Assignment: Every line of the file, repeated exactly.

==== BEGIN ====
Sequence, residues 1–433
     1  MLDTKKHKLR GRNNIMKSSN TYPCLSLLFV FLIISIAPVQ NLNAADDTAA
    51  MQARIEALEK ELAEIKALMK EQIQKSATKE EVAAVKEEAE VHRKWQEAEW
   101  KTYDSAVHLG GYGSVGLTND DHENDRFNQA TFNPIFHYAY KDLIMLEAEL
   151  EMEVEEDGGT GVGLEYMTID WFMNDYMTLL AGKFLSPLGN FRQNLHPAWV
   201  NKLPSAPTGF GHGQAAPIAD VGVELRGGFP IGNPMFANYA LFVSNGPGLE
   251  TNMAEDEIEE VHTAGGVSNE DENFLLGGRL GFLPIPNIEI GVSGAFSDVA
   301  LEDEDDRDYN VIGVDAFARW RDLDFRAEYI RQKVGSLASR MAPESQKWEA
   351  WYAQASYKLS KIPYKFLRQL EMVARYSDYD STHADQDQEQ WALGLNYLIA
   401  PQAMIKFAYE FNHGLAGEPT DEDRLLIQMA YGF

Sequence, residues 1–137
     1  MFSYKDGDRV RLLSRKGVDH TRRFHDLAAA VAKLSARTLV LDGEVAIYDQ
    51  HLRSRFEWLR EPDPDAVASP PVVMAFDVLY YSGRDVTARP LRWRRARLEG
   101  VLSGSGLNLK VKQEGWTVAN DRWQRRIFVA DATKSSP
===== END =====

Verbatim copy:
Sequence, residues 1–433
     1  MLDTKKHKLR GRNNIMKSSN TYPCLSLLFV FLIISIAPVQ NLNAADDTAA
    51  MQARIEALEK ELAEIKALMK EQIQKSATKE EVAAVKEEAE VHRKWQEAEW
   101  KTYDSAVHLG GYGSVGLTND DHENDRFNQA TFNPIFHYAY KDLIMLEAEL
   151  EMEVEEDGGT GVGLEYMTID WFMNDYMTLL AGKFLSPLGN FRQNLHPAWV
   201  NKLPSAPTGF GHGQAAPIAD VGVELRGGFP IGNPMFANYA LFVSNGPGLE
   251  TNMAEDEIEE VHTAGGVSNE DENFLLGGRL GFLPIPNIEI GVSGAFSDVA
   301  LEDEDDRDYN VIGVDAFARW RDLDFRAEYI RQKVGSLASR MAPESQKWEA
   351  WYAQASYKLS KIPYKFLRQL EMVARYSDYD STHADQDQEQ WALGLNYLIA
   401  PQAMIKFAYE FNHGLAGEPT DEDRLLIQMA YGF

Sequence, residues 1–137
     1  MFSYKDGDRV RLLSRKGVDH TRRFHDLAAA VAKLSARTLV LDGEVAIYDQ
    51  HLRSRFEWLR EPDPDAVASP PVVMAFDVLY YSGRDVTARP LRWRRARLEG
   101  VLSGSGLNLK VKQEGWTVAN DRWQRRIFVA DATKSSP